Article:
Written by Vivian Lei
When faced with an equivocal appendix on ultrasound (US), use of secondary findings such as appendix diameter ≥ 7mm, presence of appendicolith, associated inflammatory changes, and WBC count greater than 10,000/mL can increase diagnostic certainty.
Why does this matter?
Even when the appendix is visualized on ultrasound, the diagnosis of appendicitis can still be uncertain. This study assessed secondary sonographic findings and lab results predictive of appendicitis in children.
Clinical correlation is recommended
This was a prospective study of children who underwent abdominal ultrasound during the workup of suspected appendicitis. Of the 1,252 initial enrolled patients, 762 (60.8%) had a visualized appendix on US. Researchers found the following sonographic findings to significantly increase the likelihood of acute appendicitis as confirmed by surgical pathology:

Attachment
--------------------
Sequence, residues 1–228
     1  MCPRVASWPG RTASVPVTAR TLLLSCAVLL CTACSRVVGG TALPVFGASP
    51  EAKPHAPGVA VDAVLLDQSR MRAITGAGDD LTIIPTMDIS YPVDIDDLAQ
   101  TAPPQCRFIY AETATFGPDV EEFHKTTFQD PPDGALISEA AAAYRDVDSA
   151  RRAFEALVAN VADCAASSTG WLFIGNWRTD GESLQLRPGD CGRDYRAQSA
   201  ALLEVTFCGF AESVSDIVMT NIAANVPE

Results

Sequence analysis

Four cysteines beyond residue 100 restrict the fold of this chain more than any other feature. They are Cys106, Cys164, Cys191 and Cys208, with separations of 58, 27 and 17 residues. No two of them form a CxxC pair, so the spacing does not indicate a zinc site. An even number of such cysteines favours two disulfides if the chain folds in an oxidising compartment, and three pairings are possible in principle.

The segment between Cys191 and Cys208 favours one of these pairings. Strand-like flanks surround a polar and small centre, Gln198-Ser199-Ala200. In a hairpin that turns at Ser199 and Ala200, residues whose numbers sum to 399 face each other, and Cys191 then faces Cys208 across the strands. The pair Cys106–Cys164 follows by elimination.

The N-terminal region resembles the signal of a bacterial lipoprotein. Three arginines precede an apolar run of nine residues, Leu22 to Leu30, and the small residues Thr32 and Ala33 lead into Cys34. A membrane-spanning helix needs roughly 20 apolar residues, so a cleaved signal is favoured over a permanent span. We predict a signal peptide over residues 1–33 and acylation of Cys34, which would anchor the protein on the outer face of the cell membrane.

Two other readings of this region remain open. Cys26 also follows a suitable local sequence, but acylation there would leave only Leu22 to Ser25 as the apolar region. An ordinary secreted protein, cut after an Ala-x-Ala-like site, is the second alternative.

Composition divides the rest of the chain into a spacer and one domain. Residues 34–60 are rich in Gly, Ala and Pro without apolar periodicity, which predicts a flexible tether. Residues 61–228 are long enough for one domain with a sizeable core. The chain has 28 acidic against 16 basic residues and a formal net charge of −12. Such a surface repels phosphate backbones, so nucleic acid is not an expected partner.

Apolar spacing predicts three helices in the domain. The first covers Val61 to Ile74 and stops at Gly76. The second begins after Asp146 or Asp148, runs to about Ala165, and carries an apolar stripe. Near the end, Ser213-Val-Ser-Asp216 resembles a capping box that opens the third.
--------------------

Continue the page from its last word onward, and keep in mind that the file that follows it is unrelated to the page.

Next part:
Appendix diameter of ≥ 7 mm (OR 12.4, 95% CI 4.7–32.7)
Presence of appendicolith (OR 3.9, 95% CI 1.5–10.1)
Presence of inflammatory changes (OR 10.2, 95% CI 3.9–26.1)
Additionally, a WBC count ≥10,000/μL had an odds ratio of 4.8 (95% CI 2.4–9.7), while a duration of abdominal pain of 3 days or more was significantly less likely to be associated with appendicitis in this model (OR 0.3, 95%CI 0.08–0.99).
Predictors for Acute Appendicitis in Children. Pediatr Emerg Care. 2019 May 24. doi: 10.1097/PEC.0000000000001840. [Epub ahead of print]
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Reviewed by Thomas Davis